Fig. 3
figure 3

The germination rate and inhibition rate of O. aegyptiaca seeds treated by different concentration of crude extract from B. velezensis. The different small letters represent significance at 5% level

Structure elucidation

The positive mode ESI-MS spectrum of 1 exhibited an [M + H]+ ion at m/z 245.0 (Additional file 1: Fig. S1). The presence of characteristic 13 C NMR signals for the amide carbonyl groups (δC 169.9 and 165.9), as well as the 1 H and 13 C NMR chemical shifts for heteroatom-bounding methine functionalities (δH 4.38 and 4.12; δC 59.6 and 57.1) suggested that compound 1 has a diketopiperazine scaffold which is consisted of two amino acid moieties (Tables 4 and 5). One of the amino acid unit was deduced as phenylalanine (Phe) based on the presence of resonance signals corresponding to a monosubstituted benzene ring (δH 7.23–7.35; δC 127.5–138.2) and a slightly de-shielded methylene functionality (δH 3.02 and 3.33; δC 37.0). The remaining 1 H and 13 C NMR signals for another three methylene groups (Tables 4 and 5) indicated that the other amino acid is proline (Pro). Thus, the planar structure of 1 was determined as cyclo-(Pro-Phe) (1; Fig. 4) and its 1 H and 13 C NMR data were in agreement with those found in the literature (Jayatilake et al. 1996). The positive mode ESI-MS spectra of 2 and 3 both showed an [M + H]+ ions at m/z 261.0 (Additional file 1: Figs. S2–3), indicating they share the same molecular weight. Moreover, the 1 H and 13 C NMR data of 2 and 3 were very similar to that of 1 except for considerable variations on the proline or benzene ring (Tables 4 and 5). Comparison of these data with those reported in literature (Jayatilake et al. 1996; Fdhila et al. 2003) confirmed the structures of 2 and 3 as cyclo-(Pro-Tyr) and cyclo-(4-OH-Pro-Phe), respectively (2 and 3; Fig. 4). An [M + Na]+ ion was found at m/z 249.0 in the positive mode ESI-MS spectrum of 4 (Additional file 1: Fig. S4). Analysis of the 1 H and 13 C NMR data (Tables 4 and 5) revealed that 4 adopts a leucine (Leu) unit in place of the Phe moiety found in the structures of 3. Comparison of these data with those reported by Shigemori et al. (1998) established the structure of 4 as cyclo-(4-OH-Pro-Leu) (4; Fig. 4).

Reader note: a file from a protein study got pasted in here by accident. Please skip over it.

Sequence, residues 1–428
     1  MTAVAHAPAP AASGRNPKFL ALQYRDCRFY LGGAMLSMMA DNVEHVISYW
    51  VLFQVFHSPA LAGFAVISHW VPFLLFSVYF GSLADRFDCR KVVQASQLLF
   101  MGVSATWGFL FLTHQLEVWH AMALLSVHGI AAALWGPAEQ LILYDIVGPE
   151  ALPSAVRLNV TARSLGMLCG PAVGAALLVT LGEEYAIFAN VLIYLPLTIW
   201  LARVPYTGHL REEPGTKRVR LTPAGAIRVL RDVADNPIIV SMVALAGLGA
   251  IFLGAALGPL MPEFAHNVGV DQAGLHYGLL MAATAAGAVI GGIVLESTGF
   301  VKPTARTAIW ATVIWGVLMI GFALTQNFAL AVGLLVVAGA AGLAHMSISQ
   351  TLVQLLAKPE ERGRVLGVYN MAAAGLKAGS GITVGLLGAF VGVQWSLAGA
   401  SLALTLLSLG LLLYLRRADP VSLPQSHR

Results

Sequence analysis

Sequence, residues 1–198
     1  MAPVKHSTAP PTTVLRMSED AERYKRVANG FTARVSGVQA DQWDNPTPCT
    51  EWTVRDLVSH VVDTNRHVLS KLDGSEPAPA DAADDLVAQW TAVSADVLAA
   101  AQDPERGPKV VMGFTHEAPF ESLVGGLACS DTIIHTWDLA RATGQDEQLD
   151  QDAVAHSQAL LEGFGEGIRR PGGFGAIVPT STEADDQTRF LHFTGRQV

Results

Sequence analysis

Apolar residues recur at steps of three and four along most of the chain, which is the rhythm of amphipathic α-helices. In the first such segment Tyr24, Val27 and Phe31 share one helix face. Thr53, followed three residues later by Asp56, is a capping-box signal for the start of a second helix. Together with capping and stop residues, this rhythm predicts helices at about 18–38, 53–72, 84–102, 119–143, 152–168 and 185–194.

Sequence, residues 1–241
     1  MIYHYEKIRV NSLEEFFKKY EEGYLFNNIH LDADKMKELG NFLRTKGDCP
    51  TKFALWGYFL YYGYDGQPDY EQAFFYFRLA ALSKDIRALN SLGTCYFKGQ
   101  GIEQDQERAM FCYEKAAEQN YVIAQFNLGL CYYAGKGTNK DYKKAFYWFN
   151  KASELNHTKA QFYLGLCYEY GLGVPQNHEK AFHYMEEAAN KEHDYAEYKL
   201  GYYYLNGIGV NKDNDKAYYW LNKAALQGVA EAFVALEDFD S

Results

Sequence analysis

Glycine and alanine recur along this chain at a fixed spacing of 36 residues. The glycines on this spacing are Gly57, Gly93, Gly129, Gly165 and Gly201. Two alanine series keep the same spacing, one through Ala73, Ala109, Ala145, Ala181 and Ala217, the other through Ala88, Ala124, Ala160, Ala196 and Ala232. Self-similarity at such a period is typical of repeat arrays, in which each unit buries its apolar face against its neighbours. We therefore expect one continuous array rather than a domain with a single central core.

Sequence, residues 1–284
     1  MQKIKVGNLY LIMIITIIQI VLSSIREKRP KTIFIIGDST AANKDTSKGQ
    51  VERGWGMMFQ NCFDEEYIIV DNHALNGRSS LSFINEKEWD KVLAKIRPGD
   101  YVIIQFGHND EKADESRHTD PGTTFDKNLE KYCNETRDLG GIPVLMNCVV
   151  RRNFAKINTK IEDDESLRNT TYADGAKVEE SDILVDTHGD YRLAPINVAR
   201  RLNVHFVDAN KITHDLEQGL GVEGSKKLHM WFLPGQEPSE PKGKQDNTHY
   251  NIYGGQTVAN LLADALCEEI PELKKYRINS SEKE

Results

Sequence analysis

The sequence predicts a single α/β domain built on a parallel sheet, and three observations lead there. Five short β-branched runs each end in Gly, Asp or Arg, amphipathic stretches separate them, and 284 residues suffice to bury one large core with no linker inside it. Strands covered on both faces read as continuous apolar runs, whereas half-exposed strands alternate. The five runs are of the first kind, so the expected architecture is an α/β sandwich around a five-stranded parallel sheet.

Table 4 1H NMR data (500 MHz) of compounds 14
Table 5 13C NMR data (acetone-d6, 125 MHz) of compounds 1, 3 and 4
Fig. 4
figure 4

Chemical structures of compounds 14

Inhibition effects on O. aegyptiaca seeds germination of the four pure compounds

All four pure compounds inhibited O. aegyptiaca seed germination, and the inhibitory effects for Compounds 1 and 2 were the best, as they both had a 100% inhibitory effect on O. aegyptiaca seeds germination at a concentration of 4 mM (Fig. 5). Meanwhile, Compound 4 also showed over 80% inhibitory effects on O. aegyptiaca seeds germination at a concentration of 4 mM, and the inhibitory effects for Compound 3 was the worst, showing a less than 65% at a concentration of 4 mM (Fig. 5).

Fig. 5
figure 5